Shards of glass littered the floor. I stepped gingerly around them to avoid having my soul torn to shreds.
A lot of people wear rose-colored glasses before they marry. When I married on June 23, 1984, I didn’t think I had a pair of those glasses. I was twenty-three and I knew everything there was to know about the man I was marrying, and I knew everything about marriage. Maturity happens at twenty-three, everyone knows that.
Twenty-five years later, I have to admit that I did have on a pair of rose-colored glasses.
Several months after the delightful wedding ceremony and glorious honeymoon, the glasses were trampled beneath the feet of angry words, slammed doors, and threats of suicide. Yes, suicide. To get my way. To say, “Hey listen to me. Don’t you hear me? I want to be heard, please. I want to be loved.”
My husband had the same pair of glasses. His were trodden down by intimidation, disillusionment, and, like me, threats of suicide. Insecurity. To say, “Hey I’m here. Remember me, the man you married? The man you know so well? I want to be heard. I want to be respected.”
I wish we could have taken our rose-colored glasses off before the wedding, before the hardships that came our way. But had we removed them ourselves, would we have wanted to marry? Would we have seen too much and therefore, not been willing to enter into what God had for us? I don’t know.
What I do know is that I’m glad they were removed forcefully after marriage, to bring growth and to open our eyes to what it means to really love and respect each other.
I remember one night in particular when we’d been married about two or three years and had our little girl already. Laying on the floor by our Christmas tree, my beloved husband and I faced each other, saying terrible things to one another as we fought over who knows what…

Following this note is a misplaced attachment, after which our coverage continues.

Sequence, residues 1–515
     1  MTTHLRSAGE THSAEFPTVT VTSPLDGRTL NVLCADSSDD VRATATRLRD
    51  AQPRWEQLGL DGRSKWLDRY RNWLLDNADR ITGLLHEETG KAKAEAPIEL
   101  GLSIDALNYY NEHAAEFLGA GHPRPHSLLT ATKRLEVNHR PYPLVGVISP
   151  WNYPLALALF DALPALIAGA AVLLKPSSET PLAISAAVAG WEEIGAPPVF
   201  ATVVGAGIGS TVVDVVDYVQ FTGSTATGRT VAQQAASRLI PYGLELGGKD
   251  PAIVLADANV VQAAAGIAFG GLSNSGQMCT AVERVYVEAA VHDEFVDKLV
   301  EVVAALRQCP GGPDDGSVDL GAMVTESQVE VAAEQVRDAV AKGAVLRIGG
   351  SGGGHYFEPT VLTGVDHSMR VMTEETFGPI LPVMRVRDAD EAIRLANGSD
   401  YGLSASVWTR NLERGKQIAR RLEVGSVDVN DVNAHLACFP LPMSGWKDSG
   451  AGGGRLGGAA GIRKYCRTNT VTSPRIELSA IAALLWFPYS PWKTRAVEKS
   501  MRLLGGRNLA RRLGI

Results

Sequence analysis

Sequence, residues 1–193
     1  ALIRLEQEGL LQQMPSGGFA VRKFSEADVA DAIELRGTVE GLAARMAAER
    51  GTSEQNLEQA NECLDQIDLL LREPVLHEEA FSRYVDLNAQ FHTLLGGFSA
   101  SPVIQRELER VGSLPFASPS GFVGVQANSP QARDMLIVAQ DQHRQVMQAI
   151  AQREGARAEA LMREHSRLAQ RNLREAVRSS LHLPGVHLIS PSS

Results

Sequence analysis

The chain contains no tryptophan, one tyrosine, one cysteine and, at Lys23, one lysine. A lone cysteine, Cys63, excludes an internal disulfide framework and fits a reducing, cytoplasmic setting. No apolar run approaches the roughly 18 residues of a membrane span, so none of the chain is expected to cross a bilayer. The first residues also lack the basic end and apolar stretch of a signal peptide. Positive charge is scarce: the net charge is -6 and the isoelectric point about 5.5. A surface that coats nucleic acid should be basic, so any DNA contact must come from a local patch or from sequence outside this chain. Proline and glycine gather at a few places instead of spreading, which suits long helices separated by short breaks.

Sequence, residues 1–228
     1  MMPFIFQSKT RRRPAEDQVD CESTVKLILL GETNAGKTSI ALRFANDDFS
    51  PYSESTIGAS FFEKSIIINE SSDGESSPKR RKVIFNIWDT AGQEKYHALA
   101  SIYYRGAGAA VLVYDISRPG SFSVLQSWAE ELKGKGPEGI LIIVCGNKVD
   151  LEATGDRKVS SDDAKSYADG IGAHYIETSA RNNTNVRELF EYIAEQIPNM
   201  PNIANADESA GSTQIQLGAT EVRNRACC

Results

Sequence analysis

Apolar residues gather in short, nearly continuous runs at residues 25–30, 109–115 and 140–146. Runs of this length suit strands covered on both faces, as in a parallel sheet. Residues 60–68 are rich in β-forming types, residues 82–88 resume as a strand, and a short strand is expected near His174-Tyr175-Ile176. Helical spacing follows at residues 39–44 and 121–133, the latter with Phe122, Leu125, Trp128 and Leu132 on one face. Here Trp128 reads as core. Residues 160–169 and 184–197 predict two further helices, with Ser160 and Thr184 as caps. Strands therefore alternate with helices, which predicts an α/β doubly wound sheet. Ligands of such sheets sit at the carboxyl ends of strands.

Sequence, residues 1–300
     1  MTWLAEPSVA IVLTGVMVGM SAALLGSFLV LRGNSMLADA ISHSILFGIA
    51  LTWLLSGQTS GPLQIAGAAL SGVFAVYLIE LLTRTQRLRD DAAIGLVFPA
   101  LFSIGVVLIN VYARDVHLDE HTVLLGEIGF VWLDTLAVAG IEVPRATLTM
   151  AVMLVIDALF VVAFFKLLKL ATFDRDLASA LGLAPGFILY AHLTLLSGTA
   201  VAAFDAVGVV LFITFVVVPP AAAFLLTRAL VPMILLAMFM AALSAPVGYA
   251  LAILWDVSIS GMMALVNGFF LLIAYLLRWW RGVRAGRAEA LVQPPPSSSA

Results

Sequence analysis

Evil laughter filled the room.
“Did you hear that?” I asked my husband.
“Satan laughed at us. We need to pray right now.”
We wrapped our arms around each other and began praying; seeking God for forgiveness for our actions and attitudes and asking Him to bless our marriage.
That night was a turning point for us. We realized how much we needed God in our marriage if we were to make it. Did we instantly have a perfect marriage? No, of course not. We still don’t. No marriage is ever perfect, but with God at the center we can make it the best it can be.
Twenty-five years later, we’re no longer wearing the rose-colored glasses. We didn’t want to repair them and slip back into any kind of fantasy. We chose to get to know each other as we were and understand as it says in Scripture that iron sharpens iron and in that, growth takes place as we allow God to be at the center of our marriage.
Scripture reference: Proverbs 27:17
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